The lack of nurses and the difficulty in minimising the use of expensive agency staff continued to impact operators. The £1.1 billion Infection Control Fund has and will continue to help, but many operators have needed to remunerate and support existing staff through the coronavirus situation, while also recruiting new and additional staff.
The current impact of Brexit on the recruitment and retention of staff is exacerbating the challenges that most operators are experiencing around controlling staffing costs.
Other costs, insurance in particular, have markedly increased as insurance underwriters brace themselves for a run of coronavirus-related compensation claims. Anecdotally, we've seen insurance costs rising from around £10,000 per care home to over £30,000 coupled with a restriction in the level of cover provided.
Knight Frank reported that, in 2019, operators spent an average of £160 per bed, per annum on PPE. This compared with £260 during the second quarter of 2020 alone.
While care home residents and key workers have been the first in line for vaccination, an increased use of PPE is likely to continue throughout 2021 and beyond. This will represent a significant extra cost to operators.
Profitability appears to have been maintained, supported by the range of financial support
Care home profitability has been on a downward trajectory for the last decade. Coronavirus hasn't only worsened the position of those operators who were already struggling to balance the books, but introduced extra challenges to those who thought they had a healthy operating model.
The various support packages have provided a much-needed buffer, although it isn't clear whether or not the fee increases and various incentives are adequate to cover these in full. In addition, the costs and extent to which these are temporary or permanent means further budgetary pressure on an already parlous sector.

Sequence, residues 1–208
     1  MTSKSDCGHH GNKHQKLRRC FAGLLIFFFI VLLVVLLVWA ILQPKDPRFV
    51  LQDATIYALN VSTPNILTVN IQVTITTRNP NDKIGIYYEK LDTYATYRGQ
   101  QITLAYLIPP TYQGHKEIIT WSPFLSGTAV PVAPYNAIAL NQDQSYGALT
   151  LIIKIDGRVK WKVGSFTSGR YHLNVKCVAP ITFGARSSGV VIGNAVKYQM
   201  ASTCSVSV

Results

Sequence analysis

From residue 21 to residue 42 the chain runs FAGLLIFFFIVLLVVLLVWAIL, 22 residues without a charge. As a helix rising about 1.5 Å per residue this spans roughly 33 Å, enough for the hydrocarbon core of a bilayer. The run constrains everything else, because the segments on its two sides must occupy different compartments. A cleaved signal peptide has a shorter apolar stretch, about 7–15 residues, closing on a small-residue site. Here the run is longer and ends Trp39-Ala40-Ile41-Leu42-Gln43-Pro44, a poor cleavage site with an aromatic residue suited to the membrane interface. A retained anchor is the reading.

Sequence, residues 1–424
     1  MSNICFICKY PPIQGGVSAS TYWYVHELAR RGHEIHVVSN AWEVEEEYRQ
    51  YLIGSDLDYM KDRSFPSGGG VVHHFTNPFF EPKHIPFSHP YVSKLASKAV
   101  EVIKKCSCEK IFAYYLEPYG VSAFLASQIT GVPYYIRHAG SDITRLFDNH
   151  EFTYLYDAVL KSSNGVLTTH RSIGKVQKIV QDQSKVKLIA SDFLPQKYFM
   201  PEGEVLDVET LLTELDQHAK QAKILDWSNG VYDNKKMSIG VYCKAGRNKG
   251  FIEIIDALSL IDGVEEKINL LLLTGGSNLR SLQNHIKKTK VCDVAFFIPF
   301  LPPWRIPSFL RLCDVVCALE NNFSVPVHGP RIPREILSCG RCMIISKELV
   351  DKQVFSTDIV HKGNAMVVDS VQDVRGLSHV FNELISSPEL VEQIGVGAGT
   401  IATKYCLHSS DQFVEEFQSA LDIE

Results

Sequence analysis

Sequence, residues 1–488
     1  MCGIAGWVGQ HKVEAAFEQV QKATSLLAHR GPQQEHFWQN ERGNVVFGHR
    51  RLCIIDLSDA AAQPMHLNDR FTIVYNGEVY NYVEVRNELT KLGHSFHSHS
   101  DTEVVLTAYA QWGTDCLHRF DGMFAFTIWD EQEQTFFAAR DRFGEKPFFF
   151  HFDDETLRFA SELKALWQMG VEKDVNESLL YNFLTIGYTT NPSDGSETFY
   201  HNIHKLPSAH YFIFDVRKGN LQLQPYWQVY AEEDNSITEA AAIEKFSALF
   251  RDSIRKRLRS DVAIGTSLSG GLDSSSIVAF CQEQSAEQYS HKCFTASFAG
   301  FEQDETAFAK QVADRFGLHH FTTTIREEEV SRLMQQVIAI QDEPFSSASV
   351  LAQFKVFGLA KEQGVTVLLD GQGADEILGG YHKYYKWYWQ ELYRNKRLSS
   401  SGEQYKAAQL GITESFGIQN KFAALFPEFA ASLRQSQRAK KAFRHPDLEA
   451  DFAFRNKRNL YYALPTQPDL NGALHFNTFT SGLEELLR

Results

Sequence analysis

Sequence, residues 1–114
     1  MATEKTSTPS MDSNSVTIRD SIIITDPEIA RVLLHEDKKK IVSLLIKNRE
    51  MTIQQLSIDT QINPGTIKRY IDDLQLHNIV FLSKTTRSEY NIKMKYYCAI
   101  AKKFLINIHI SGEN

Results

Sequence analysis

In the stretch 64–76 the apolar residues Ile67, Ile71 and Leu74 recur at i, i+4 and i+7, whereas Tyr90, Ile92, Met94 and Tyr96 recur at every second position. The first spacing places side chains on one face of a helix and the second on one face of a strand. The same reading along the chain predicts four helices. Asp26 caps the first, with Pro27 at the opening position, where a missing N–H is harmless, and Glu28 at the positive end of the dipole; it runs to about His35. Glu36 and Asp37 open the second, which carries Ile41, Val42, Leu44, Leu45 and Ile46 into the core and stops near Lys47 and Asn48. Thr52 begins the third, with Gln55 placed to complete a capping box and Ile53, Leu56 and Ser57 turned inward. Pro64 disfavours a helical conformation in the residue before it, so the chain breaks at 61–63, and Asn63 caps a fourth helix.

What does this mean for care homes in 2021?
A number of care homes have reported short-term profits in the Q2-Q4 2020, which far exceed their long-term sustainable income. This is because various support packages are masking their true underlying performance and viability. The question is how will they fare when the support ends, but the additional costs remain?
For now, care home finances may appear healthy, but the coronavirus situation will have likely weakened those already struggling. Never before has the gap been bigger and the hiatus and blurring of care home finances represents a real challenge for operators and their funders when trying to interpret their MI and accounts.
The high number of coronavirus-related deaths in care homes has consistently been reported by the media. But this may be unfair as elderly and vulnerable people have been pushed from hospitals into care homes and there was a lack of guidance from the government as to the risks and necessary precautions to prevent the spread of the disease.
A troubled future for care homes
This may have permanently damaged the reputation of the sector and any bounce-back from a change in the general public’s perceptions will take time.
Traditionally, homes that have a higher proportion of private - rather than local authority - funded residents are more profitable, due to the high fees that private patients pay. However, occupancy levels have dropped across the board and there is evidence to suggest the families of private residents have chosen to keep their loved ones in their own homes.
This presents a potential upside for domiciliary care providers, but not for the traditional care home operators.
The finances of local authorities have been adversely impacted too. It's widely reported that the lost tax and other income, and the extra costs and cash flow pressures arising from the response to coronavirus, have only enhanced this financial pressure.
If local authorities are facing pressures themselves, then it's unlikely they'll be able provide an increased level of support to care home operators. And the problems that existed in an already fragile care sector before COVID-19 haven't gone away.
For support in the care homes sector, get in touch with Daniel Smith.